Protecting land along the A.T. has been a priority for Trail managers ever since the Trail was established. We have worked with state and federal agencies since 1982 to protect the lands surrounding the A.T., resulting in one of the most significant and successful land acquisition programs in the United States. Today there is a 250,000 acre greenway around the Trail that connects significant public lands in the eastern United States.

Boundary Corridor Lands by Brent McQuirt Appalachian Trail Conservancy 

​Boundary and Corridor Lands

Our Boundary Program protects the public's investment in the lands that surround the A.T. Volunteers from A.T. Maintaining Clubs work with us to monitor and maintain more than 1,500 miles of the Trail corridor's exterior boundary.

Natural and Cultural Resource Management Appalachian Trail Conservancy 

​Natural and Cultural Resource Management

The A.T. is about more than hiking. Trail lands protect headwater streams for major East Coast watersheds and also host hundreds of rare species. We work cooperatively with our partners to understand and monitor these resources.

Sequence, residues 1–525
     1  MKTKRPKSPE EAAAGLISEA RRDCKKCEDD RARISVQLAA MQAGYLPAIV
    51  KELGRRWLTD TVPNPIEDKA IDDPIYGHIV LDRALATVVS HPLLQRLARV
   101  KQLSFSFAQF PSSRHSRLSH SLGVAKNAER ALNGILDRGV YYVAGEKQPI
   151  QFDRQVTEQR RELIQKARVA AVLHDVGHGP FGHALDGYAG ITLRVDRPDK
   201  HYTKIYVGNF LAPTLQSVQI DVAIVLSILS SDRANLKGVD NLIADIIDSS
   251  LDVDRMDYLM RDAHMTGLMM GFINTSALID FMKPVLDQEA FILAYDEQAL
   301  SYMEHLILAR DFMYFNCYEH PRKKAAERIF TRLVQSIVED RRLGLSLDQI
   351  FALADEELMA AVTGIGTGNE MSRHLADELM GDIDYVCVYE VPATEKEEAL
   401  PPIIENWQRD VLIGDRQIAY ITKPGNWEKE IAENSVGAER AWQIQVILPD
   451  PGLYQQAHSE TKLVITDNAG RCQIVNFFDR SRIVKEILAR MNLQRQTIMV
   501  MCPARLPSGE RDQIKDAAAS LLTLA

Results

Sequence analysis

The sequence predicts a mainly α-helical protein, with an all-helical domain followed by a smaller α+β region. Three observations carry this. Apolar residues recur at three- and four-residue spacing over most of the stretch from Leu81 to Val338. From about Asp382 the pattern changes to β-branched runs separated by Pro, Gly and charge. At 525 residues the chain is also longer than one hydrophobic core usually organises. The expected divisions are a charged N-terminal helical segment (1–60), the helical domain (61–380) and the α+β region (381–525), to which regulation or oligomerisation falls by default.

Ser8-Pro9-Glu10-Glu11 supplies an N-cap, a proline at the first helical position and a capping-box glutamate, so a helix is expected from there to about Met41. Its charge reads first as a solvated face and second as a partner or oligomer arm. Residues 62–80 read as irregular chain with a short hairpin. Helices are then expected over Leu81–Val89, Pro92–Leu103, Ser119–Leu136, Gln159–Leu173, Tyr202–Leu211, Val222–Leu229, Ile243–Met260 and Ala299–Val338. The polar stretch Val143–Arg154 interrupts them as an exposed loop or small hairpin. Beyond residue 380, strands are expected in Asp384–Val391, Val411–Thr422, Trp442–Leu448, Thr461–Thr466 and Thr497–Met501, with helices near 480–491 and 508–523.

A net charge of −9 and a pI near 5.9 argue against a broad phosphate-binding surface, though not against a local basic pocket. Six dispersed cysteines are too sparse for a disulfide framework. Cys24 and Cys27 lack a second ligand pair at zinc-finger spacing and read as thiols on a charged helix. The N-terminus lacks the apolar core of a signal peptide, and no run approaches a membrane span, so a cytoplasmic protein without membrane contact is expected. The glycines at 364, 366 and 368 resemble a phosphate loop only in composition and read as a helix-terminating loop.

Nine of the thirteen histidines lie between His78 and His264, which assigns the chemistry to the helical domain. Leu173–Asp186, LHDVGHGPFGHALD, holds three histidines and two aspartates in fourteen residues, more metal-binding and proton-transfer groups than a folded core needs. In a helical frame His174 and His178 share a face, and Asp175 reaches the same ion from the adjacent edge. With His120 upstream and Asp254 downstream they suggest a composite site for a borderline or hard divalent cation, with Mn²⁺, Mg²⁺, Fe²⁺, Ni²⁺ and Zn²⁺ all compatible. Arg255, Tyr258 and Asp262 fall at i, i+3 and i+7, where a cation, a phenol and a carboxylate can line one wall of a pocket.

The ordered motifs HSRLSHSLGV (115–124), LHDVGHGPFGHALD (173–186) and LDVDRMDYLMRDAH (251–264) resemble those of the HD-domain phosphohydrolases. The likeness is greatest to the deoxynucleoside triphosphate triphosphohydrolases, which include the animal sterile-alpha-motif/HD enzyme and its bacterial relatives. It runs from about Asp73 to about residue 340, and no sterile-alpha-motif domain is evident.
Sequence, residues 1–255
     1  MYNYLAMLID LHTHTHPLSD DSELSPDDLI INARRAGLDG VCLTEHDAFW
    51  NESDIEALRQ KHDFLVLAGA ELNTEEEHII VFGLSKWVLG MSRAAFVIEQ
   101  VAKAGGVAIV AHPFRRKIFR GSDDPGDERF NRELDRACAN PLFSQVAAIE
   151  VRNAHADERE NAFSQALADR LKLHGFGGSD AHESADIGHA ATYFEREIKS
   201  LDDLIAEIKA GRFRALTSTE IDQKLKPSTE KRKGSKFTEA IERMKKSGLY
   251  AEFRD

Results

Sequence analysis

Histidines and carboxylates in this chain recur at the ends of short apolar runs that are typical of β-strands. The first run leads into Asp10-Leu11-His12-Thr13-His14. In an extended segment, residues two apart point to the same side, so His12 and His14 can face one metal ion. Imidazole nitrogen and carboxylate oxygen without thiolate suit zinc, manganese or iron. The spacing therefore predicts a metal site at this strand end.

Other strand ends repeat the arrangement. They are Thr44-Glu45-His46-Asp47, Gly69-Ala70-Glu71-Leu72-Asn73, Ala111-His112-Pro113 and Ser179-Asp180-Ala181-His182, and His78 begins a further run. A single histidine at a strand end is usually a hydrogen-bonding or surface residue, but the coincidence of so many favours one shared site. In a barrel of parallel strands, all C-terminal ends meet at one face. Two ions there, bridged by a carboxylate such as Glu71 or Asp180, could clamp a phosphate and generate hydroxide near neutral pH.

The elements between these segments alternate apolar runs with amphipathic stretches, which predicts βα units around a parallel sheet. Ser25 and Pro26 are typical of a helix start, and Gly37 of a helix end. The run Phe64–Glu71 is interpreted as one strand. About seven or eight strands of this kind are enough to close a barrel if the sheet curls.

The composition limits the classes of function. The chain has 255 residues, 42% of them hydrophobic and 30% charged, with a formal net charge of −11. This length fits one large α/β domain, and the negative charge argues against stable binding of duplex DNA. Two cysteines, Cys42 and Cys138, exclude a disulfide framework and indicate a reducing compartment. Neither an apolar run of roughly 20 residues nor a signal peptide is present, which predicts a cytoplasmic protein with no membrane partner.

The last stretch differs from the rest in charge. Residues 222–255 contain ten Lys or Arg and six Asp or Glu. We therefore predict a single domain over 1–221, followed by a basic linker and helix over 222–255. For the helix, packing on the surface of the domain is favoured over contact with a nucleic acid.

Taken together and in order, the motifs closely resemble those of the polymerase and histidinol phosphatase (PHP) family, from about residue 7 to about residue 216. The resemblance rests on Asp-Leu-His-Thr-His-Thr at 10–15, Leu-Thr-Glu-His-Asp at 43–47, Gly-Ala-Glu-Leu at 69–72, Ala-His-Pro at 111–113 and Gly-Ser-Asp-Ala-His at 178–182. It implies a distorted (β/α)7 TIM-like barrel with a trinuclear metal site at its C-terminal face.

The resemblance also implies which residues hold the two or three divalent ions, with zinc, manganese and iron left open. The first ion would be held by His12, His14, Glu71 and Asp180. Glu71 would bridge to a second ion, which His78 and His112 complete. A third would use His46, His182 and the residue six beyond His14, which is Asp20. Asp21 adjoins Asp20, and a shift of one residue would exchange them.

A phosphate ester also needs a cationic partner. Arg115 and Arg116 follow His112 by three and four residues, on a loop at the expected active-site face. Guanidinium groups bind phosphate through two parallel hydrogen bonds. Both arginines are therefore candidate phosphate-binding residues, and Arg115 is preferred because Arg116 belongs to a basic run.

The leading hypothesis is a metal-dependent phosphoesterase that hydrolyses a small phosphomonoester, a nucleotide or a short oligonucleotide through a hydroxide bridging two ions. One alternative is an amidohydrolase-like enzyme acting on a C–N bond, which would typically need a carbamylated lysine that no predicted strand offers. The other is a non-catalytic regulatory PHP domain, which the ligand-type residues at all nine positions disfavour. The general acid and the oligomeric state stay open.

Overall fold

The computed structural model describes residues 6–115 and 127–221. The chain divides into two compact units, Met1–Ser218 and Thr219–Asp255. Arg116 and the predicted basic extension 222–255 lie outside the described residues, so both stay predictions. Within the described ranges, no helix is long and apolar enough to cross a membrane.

trail management

Trail management encompasses the on–the-ground stewardship performed by volunteers and agency partners to maintain the Trail, its structures, and its natural and cultural resources. Management includes keeping the footpath clear of natural overgrowth and blowdowns; building and relocating sections of the footpath; building and repairing shelters and other structures; and caring for overnight sites. We coordinate this work, provide training, help set policy parameters, supply funding and other assistance to 31 Trail maintaining clubs, and recruit and manage volunteer Trail crews.

Appalachian Trail Crew Flexing Muscles

​Trail Crews

Our Trail Crews tackle large-scale projects like relocations and rehabilitation as well as bridge and shelter construction. The work is hard, but it's a great way to give back to the Trail that changed your life.

RidgeRunners and Caretakers by Laurie Potteiger

​Ridgerunners & Caretakers

More than 30 ridgerunners and caretakers help us promote a quality A.T. experience by educating hikers on how to minimize impact on the Trail.

Trail Management Policies AT Boundary Marker by Vincent Juarez